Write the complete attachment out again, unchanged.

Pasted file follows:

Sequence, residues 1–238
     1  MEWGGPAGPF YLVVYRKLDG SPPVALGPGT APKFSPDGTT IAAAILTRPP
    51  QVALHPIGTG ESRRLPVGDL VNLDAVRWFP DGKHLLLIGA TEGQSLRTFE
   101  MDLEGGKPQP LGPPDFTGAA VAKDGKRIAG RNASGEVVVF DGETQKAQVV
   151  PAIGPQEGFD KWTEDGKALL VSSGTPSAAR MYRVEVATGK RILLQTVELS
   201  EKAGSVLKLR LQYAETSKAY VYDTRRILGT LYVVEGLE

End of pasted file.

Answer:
Sequence, residues 1–238
     1  MEWGGPAGPF YLVVYRKLDG SPPVALGPGT APKFSPDGTT IAAAILTRPP
    51  QVALHPIGTG ESRRLPVGDL VNLDAVRWFP DGKHLLLIGA TEGQSLRTFE
   101  MDLEGGKPQP LGPPDFTGAA VAKDGKRIAG RNASGEVVVF DGETQKAQVV
   151  PAIGPQEGFD KWTEDGKALL VSSGTPSAAR MYRVEVATGK RILLQTVELS
   201  EKAGSVLKLR LQYAETSKAY VYDTRRILGT LYVVEGLE